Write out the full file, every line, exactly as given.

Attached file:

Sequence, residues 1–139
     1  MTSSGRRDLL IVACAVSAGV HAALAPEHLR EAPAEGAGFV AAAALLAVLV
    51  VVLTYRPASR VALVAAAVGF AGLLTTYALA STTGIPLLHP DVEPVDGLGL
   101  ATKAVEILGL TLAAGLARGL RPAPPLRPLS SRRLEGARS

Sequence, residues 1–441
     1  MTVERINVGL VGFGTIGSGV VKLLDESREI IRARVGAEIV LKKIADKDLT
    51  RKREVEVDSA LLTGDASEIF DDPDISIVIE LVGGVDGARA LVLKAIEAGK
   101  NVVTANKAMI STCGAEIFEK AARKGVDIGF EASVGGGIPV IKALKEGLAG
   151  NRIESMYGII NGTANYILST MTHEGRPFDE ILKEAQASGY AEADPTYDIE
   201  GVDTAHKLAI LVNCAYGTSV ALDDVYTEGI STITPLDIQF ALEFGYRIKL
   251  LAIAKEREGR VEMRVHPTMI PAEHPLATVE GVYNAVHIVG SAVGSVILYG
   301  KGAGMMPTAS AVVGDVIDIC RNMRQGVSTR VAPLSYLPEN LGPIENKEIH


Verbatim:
Sequence, residues 1–139
     1  MTSSGRRDLL IVACAVSAGV HAALAPEHLR EAPAEGAGFV AAAALLAVLV
    51  VVLTYRPASR VALVAAAVGF AGLLTTYALA STTGIPLLHP DVEPVDGLGL
   101  ATKAVEILGL TLAAGLARGL RPAPPLRPLS SRRLEGARS

Sequence, residues 1–441
     1  MTVERINVGL VGFGTIGSGV VKLLDESREI IRARVGAEIV LKKIADKDLT
    51  RKREVEVDSA LLTGDASEIF DDPDISIVIE LVGGVDGARA LVLKAIEAGK
   101  NVVTANKAMI STCGAEIFEK AARKGVDIGF EASVGGGIPV IKALKEGLAG
   151  NRIESMYGII NGTANYILST MTHEGRPFDE ILKEAQASGY AEADPTYDIE
   201  GVDTAHKLAI LVNCAYGTSV ALDDVYTEGI STITPLDIQF ALEFGYRIKL
   251  LAIAKEREGR VEMRVHPTMI PAEHPLATVE GVYNAVHIVG SAVGSVILYG
   301  KGAGMMPTAS AVVGDVIDIC RNMRQGVSTR VAPLSYLPEN LGPIENKEIH